Exam 1-solutions - Version 118 Exam 1 mccord (51625) 1 This...

Info iconThis preview shows pages 1–3. Sign up to view the full content.

View Full Document Right Arrow Icon

Info iconThis preview has intentionally blurred sections. Sign up to view the full version.

View Full DocumentRight Arrow Icon
This is the end of the preview. Sign up to access the rest of the document.

Unformatted text preview: Version 118 Exam 1 mccord (51625) 1 This print-out should have 26 questions. Multiple-choice questions may continue on the next column or page find all choices before answering. 001 10.0 points Ethyl alcohol (CH 3 CH 2 OH) is/is not soluble in water. 1. is; ethyl alcohol exhibits dipole-dipole and H-bonding interactions with water. correct 2. is not; ethyl alcohol exhibits dispersion forces which are insufficient for dissolving. 3. is not; ethyl alcohol is an ionic compound with a hydroxide group and hydroxides are insoluble. 4. is; all organic molecules are soluble in water. Explanation: The oxygen on ethyl alcohol has two lone pairs and two polar bonds. Thus, it can form dipole-dipole and H-bonding interac- tions with polar water. 002 10.0 points Solution A contains 0.5 grams of solute A and solution B contains 0.5 grams of solute B (both A and B are nonelectrolytes). Other than the solutes, the solutions are identical (volume, temperature, etc .). Now you mea- sure the osmotic pressure of each solution and find that the osmotic pressure of solution B is twice that of solution A. What is the relation- ship between the molecular weights of solutes A and B? 1. The molecular weight of solute A is twice that of solute B. correct 2. The molecular weight of solute A is four times that of solute B. 3. The molecular weight of solute B is twice that of solute A. 4. The molecular weight of solute B is four times that of solute A. 5. The molecular weight ratio cannot be determined from this experiment. Explanation: Because the solution with B has twice the osmotic pressure, it must also have twice the number of dissolved particles (number of moles of B). The only way to have more moles for B (knowing the same mass of A and B was used) is that B has a smaller molecular weight than A. For the osmotic pressure to be ex- actly twice that of A, the molecular weight of B must be half that of A which is the same as A being twice that of B. 003 10.0 points Carbon Dioxide 3 1 4 2 A B 200 250 300 350 400 10 10 1 10 2 10 3 10 4 Pressure,bar Temperature, K A sample of carbon dioxide is stored at 10 4 bar and 250 K. This sample is then decompressed to 10 bar at constant temper- ature. Then, at constant pressure it is heated to 400 K. Next, it is compressed at con- stant temperature to 200 bar. According to the phase diagram, how many phase transi- tions has the carbon dioxide gone through, and what is its final state? 1. 3, gas 2. 2, supercritical fluid correct 3. 2, liquid Version 118 Exam 1 mccord (51625) 2 4. 2, gas 5. 3, supercritical fluid Explanation: Navigate through the diagram through each process. In the first decompression, the solid is decompressed and becomes a liquid and then a gas (2 phase transitions). Upon heating, it becomes a supercritical fluid (no phase transitions)....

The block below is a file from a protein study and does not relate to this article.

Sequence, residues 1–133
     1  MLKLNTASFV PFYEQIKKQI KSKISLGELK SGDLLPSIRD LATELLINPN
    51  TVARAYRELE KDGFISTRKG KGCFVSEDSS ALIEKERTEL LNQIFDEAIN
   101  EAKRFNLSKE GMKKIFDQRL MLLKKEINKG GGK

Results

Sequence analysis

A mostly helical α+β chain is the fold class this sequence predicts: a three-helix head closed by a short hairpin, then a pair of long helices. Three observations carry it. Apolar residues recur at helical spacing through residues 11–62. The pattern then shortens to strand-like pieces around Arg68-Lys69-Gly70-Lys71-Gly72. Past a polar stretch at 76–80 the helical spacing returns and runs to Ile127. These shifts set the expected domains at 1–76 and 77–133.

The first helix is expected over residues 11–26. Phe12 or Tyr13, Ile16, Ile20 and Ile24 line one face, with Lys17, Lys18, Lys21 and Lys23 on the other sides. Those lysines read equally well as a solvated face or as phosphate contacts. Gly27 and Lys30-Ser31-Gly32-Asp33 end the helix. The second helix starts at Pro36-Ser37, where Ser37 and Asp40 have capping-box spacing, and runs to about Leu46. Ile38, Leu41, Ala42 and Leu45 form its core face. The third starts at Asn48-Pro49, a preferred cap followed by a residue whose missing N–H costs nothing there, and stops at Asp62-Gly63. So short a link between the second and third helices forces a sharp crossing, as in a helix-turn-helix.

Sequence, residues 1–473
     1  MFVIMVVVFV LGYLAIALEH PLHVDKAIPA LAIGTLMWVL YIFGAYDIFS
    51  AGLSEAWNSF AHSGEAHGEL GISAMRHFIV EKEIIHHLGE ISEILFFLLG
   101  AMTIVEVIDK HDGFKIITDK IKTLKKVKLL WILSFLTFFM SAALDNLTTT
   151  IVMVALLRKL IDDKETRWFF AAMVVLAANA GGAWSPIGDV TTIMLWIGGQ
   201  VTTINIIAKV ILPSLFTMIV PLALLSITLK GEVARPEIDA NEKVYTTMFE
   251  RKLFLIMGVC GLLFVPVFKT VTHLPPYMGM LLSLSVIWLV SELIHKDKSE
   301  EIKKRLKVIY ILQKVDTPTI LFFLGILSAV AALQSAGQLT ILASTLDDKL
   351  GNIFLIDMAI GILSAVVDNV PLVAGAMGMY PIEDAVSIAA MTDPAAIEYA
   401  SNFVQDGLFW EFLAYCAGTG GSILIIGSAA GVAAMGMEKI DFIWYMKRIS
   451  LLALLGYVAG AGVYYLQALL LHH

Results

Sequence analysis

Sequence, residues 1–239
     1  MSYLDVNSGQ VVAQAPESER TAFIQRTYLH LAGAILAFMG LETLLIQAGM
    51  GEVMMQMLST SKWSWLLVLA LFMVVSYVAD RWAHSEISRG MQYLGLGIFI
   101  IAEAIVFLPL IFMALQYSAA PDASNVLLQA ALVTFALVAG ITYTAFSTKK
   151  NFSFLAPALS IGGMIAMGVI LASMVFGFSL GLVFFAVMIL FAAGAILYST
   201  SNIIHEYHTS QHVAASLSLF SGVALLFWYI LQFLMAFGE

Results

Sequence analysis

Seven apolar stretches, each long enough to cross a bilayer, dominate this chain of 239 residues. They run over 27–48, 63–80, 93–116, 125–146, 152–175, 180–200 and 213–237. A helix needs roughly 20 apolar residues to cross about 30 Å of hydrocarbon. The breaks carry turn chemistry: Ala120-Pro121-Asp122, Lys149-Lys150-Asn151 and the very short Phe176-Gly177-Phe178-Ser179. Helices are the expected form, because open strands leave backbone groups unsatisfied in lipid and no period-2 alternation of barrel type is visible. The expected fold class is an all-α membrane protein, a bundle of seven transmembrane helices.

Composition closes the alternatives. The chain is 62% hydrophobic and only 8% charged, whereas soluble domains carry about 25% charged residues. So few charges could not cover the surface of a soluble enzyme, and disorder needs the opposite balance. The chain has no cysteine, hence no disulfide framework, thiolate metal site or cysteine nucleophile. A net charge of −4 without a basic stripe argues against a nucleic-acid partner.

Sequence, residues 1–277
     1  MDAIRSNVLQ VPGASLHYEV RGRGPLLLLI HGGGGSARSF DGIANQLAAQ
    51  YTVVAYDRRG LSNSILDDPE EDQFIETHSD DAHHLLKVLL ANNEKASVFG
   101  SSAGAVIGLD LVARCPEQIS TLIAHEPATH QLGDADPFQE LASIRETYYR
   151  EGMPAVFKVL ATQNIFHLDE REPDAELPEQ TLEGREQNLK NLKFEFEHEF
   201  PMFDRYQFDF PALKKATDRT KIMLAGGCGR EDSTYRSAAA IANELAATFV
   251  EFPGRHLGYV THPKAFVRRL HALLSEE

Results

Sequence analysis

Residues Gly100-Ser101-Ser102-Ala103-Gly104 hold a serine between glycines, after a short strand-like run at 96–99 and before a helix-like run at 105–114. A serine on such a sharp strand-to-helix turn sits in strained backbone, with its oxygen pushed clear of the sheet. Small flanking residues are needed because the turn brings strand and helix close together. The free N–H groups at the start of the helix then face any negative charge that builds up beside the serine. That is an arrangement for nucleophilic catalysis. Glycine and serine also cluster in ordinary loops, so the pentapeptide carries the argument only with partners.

View Full Document

This note was uploaded on 07/12/2011 for the course GOV 365L taught by Professor Liu during the Spring '08 term at University of Texas at Austin.

Page1 / 9

Exam 1-solutions - Version 118 Exam 1 mccord (51625) 1 This...

This preview shows document pages 1 - 3. Sign up to view the full document.

View Full Document Right Arrow Icon
Ask a homework question - tutors are online